Some retailers are using technology to stay connected to customers from a distance. Nike and Lululemon are two companies offering digital, at-home workout sessions for free. Rebecca Minkoff is hosting an Instagram “Happy Hours” with various designers and personalities to connect shoppers during the black out.
“That’s engaging the customer with the DNA of the brand under a very extraordinary set of circumstances that doesn’t marginalize the brand image at all,” Binder said.
Lurie added that it’s not a bad idea to let regular customers know you’re still there when the crisis is over.
“If I were a retailer, and I saw us coming out the other end of the tunnel, I would contact my customers and give them something to look at in my stores,” he said. That could be in the form of in-store events, promotions or other activities.
Focus on Existing Business
The experts agree: focus on existing business. Now is not the time to be branching out or trying to acquire new customers.
That includes trying to sell current customers things they’ve never bought before. Same goes for introducing new brands or products during this time.
“Launching a new product or trying to find a new customer who’s never shopped with you before, in these circumstances, is wasting your time,” Lurie said. “The chances are they’re not in experimental mode today.”
Instead, he recommended online shops use data gathered from previous orders to target shoppers. Send out e-mails. Use social media or the company’s web site to show shoppers previous orders they’ve placed.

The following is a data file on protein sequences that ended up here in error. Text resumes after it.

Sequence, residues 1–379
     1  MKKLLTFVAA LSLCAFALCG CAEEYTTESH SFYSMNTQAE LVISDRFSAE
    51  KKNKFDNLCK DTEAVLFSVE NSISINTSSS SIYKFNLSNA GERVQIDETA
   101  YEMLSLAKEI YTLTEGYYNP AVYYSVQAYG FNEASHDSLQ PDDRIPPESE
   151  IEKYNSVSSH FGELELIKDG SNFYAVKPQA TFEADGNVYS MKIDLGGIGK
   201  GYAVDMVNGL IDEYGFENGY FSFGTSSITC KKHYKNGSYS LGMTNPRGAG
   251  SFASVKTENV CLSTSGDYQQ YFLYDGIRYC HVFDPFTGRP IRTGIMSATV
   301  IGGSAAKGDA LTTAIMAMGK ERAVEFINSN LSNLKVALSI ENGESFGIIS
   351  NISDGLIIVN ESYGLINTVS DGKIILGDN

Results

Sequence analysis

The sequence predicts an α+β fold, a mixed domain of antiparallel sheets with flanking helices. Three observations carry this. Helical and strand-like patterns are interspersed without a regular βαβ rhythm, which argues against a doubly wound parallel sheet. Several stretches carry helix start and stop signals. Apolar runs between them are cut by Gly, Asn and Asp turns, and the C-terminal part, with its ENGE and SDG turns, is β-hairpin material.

“Offer them something to encourage them to buy something [more] from your web site,” Lurie said.
But Don’t Point Out the Obvious
Pitching luxury loungewear or work-from-home attire that is intended to help people is probably not the most tactful course right now. And it might even hurt the brand image.
“I don’t think pointing out the obvious right now is necessarily what the customer wants to hear,” Binder said. “This is just an extraordinary period of time that people have not gone through before. And certainly, staying home is not something most people are used to. I don’t think, frankly, that there’s anything anecdotal about this situation.”
Same goes for “teasing customers with ridiculous offers,” Binder said, like 75 percent off or more. This may seem like a quick fix. But it could cause lasting harm to the brand image.
Understand That No Matter What There Will Be Lasting Changes
In the case of the current pandemic, Binder said it will likely cause lasting changes to consumer behavior. For example, it will take some time for people to feel comfortable again in large groups. That could directly impact how they shop and spend their money.
“Helping the consumer understand that buildings are safe again, that it’s safe to go back outside again takes time,” he said. “It does not happen overnight.”
Formulate a Recovery Plan
The last step — and possibly the hardest — will be to create a recovery plan. While it may seem incomprehensible now, it can actually be an opportunity for companies to optimize their current operating models, Binder said.
“Clearly, what we look like coming out of December and when we recover, whenever that is, will be different,” he said. “The next phase, which is going to be harder, is going to be about coming to the realization of what’s next and getting a strategy around your new operating model post-recovery.
“There have been a lot of examples of poor productive operating models, poor productive retail models, poor productive locations. [Companies can] reset those operating models so that when they come out of this, the organization is healthier and generating more productivity. This is one of those opportunities, as tough as this is, where a retailer or a brand can drive significant volume transformation that can yield great results when this is all over.”